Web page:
Definition - What does Barbera mean?
An Italian red wine grape variety, Barbera produces low in tannin, acidic wines with pronounced fruit flavors. A popular grape variety, Barbera is widely planted throughout Italy and is used to produce many styles of wine, with the most well known being the Denominazione di Origine Controllata e Garantita (DOCG) Barbera d’Asti wine from the Piedmont Region.
WineFrog explains Barbera
A native to the Hills of Monferrato in the Piedmont region of Central Italy, Barbera has been planted for wine grape production since the 13th century. A vigorous vine, viticulturists must prune the vine aggressively to control yields and concentrate sugar and flavor in the grapes.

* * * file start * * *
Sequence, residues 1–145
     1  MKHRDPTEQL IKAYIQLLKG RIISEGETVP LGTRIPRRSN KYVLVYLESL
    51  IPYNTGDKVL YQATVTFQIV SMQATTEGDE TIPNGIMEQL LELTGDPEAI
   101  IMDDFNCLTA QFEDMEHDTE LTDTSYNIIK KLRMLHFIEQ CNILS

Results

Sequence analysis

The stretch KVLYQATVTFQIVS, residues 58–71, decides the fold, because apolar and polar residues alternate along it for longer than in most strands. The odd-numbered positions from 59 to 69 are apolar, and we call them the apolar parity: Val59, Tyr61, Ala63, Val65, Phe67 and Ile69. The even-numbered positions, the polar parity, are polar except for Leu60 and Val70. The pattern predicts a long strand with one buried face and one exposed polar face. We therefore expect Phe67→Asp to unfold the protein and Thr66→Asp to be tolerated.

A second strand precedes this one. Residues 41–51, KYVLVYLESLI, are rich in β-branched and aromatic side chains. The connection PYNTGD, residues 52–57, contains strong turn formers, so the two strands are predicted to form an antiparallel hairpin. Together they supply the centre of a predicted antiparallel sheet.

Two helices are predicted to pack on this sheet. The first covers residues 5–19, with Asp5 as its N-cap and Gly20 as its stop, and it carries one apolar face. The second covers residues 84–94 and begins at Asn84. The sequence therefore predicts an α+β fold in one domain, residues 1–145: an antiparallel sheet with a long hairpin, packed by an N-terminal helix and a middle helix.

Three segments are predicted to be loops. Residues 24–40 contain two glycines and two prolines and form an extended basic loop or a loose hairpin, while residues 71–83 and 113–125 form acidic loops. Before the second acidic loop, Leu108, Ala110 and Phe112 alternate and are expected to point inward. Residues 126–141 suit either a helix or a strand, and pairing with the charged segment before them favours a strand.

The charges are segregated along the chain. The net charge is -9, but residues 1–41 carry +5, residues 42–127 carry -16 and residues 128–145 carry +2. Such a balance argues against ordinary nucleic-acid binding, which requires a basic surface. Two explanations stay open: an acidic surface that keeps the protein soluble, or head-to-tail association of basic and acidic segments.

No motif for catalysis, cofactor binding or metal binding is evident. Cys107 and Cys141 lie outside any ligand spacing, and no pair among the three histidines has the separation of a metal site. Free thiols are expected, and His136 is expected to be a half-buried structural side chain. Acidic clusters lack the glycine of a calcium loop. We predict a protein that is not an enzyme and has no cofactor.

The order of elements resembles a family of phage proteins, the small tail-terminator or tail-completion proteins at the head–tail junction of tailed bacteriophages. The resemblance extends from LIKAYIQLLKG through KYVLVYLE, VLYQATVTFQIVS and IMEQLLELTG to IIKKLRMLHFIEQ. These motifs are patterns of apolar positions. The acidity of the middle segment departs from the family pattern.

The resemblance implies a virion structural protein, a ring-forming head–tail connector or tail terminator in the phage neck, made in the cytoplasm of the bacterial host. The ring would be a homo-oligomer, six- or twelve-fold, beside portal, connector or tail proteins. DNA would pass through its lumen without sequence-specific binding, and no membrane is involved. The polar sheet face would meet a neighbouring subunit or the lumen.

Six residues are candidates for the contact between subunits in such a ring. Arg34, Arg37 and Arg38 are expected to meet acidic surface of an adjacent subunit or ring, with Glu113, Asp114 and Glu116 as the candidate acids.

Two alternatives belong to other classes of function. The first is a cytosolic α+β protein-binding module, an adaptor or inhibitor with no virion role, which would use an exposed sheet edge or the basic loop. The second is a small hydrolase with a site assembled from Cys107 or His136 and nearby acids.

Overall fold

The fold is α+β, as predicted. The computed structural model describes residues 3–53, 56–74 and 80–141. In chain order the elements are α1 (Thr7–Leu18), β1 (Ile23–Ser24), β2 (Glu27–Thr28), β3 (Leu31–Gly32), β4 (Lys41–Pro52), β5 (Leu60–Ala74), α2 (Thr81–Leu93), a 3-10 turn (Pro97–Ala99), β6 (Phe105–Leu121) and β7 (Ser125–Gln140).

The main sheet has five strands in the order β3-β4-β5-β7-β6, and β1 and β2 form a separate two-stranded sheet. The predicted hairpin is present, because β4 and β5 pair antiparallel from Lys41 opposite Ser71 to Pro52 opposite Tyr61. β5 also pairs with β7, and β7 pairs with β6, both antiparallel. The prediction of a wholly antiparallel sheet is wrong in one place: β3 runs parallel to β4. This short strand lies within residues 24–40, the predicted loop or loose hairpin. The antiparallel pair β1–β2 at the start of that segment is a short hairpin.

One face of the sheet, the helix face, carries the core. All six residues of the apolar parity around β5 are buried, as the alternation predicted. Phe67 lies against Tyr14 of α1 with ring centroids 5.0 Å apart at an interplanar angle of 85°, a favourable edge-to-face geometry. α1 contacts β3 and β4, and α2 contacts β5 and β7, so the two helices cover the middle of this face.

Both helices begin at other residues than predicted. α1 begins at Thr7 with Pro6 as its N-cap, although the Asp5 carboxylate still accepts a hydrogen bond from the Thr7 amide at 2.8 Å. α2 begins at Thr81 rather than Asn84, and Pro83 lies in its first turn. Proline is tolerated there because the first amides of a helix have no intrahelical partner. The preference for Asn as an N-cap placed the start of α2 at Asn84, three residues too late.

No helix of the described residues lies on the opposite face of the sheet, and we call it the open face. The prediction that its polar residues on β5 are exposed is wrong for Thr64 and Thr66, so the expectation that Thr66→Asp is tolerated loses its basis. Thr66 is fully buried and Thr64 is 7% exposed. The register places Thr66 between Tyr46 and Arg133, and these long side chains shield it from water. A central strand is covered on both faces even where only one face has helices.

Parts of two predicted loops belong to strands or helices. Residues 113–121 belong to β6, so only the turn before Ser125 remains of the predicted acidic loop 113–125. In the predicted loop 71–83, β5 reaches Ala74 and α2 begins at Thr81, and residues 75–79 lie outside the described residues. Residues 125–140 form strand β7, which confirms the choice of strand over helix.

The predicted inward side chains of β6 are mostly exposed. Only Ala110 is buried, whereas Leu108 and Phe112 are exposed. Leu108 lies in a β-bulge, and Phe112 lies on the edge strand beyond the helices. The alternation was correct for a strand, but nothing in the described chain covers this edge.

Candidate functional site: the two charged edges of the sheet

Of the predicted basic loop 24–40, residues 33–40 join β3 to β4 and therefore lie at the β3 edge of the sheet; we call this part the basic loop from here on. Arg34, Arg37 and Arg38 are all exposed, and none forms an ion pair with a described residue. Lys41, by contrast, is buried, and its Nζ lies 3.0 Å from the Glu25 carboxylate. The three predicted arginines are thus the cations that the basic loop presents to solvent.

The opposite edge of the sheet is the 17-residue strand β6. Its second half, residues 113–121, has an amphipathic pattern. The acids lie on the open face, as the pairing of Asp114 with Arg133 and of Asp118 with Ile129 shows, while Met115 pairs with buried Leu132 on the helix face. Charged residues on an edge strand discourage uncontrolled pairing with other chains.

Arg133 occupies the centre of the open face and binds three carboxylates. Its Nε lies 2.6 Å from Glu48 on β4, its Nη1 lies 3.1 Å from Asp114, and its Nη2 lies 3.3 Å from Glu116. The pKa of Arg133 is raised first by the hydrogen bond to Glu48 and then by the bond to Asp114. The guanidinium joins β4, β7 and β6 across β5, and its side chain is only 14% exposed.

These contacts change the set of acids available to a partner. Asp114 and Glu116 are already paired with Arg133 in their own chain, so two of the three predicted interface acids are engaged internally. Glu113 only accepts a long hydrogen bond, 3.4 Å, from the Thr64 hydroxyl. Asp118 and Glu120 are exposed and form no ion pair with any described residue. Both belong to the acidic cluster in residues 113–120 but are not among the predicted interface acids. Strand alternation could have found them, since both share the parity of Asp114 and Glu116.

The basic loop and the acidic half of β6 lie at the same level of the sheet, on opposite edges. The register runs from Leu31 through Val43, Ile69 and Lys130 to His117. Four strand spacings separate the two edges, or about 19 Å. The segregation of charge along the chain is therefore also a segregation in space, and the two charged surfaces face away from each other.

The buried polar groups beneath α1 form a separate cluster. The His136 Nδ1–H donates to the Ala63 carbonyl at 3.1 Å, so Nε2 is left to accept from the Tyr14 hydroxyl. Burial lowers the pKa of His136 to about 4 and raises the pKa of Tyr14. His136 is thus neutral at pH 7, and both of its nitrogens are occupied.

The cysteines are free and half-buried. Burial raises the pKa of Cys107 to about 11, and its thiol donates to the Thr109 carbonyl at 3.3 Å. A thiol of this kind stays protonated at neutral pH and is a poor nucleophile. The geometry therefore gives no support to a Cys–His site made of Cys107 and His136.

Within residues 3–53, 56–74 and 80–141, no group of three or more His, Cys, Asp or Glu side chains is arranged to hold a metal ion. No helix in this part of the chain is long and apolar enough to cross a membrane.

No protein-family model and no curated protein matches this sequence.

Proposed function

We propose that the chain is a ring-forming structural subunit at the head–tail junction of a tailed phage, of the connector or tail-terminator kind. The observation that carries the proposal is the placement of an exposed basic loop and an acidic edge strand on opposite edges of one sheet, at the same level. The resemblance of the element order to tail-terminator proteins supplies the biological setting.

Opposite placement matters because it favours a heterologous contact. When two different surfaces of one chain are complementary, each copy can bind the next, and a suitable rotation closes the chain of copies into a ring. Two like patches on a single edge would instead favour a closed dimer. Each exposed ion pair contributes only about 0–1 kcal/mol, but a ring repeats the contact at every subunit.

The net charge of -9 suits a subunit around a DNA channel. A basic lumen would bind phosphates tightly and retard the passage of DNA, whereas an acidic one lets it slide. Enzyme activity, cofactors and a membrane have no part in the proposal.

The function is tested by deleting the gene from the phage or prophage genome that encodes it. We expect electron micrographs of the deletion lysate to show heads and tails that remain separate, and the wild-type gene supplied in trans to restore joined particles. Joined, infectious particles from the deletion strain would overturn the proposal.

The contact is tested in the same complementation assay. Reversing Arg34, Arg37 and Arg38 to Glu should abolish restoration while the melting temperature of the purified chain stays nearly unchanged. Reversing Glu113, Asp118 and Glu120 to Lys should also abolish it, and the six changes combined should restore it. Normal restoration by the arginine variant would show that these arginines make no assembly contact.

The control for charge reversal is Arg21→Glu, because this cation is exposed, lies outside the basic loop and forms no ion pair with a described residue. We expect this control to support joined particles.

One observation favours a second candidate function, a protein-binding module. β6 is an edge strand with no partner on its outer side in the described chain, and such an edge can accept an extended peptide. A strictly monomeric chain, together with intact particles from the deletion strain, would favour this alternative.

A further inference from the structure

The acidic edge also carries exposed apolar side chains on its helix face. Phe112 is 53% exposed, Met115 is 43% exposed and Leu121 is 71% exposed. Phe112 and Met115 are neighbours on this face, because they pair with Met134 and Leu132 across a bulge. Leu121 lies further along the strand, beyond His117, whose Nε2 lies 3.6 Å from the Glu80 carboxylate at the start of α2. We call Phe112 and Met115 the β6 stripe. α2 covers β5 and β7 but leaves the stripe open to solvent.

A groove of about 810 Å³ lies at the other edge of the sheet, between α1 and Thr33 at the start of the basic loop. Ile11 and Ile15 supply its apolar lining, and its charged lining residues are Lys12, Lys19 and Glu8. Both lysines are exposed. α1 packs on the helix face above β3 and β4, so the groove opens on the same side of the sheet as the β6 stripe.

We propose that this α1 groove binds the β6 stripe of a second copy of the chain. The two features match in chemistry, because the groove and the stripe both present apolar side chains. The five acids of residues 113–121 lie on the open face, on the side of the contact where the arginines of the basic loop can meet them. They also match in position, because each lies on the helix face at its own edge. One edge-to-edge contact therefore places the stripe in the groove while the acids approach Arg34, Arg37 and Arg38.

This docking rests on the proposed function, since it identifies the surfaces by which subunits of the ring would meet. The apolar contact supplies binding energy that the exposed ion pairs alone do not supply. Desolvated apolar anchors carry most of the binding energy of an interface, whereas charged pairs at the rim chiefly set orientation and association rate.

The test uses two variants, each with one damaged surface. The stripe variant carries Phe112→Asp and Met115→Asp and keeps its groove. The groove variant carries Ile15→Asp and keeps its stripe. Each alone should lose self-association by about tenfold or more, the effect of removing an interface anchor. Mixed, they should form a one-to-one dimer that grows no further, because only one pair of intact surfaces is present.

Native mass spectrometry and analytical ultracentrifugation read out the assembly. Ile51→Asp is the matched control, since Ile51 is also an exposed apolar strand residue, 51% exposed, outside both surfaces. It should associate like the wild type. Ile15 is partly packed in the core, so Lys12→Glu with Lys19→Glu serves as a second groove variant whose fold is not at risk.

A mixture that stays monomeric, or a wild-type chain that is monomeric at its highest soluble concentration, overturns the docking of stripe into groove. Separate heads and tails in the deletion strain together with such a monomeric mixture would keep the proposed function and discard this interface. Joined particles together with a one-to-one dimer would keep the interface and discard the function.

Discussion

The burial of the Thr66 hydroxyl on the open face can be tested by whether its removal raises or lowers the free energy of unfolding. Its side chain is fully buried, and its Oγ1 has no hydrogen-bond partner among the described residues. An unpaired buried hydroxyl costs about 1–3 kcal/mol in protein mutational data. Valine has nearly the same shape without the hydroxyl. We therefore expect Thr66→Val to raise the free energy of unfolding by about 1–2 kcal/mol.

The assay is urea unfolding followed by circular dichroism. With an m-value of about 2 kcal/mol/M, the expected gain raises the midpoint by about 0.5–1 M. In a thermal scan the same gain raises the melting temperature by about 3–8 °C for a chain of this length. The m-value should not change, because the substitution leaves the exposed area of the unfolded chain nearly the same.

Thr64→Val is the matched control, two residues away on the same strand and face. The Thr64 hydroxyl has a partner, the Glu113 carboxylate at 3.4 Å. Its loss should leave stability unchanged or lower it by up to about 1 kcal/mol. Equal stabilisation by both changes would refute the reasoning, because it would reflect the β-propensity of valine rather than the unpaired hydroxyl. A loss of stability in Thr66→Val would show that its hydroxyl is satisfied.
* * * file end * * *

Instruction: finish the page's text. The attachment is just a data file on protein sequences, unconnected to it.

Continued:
Known for it’s deep ruby color, Barbera produces many different styles of red wine that feature different flavor profiles. Young wines made from Barbera are characterized by juicy flavors of blackberry, cherry and raspberry. When aged in oak, Barbera wines will develop aromas and flavors of vanilla and dried fruit, giving the wine more complexity. The variety is characterized by low tannin and high acidity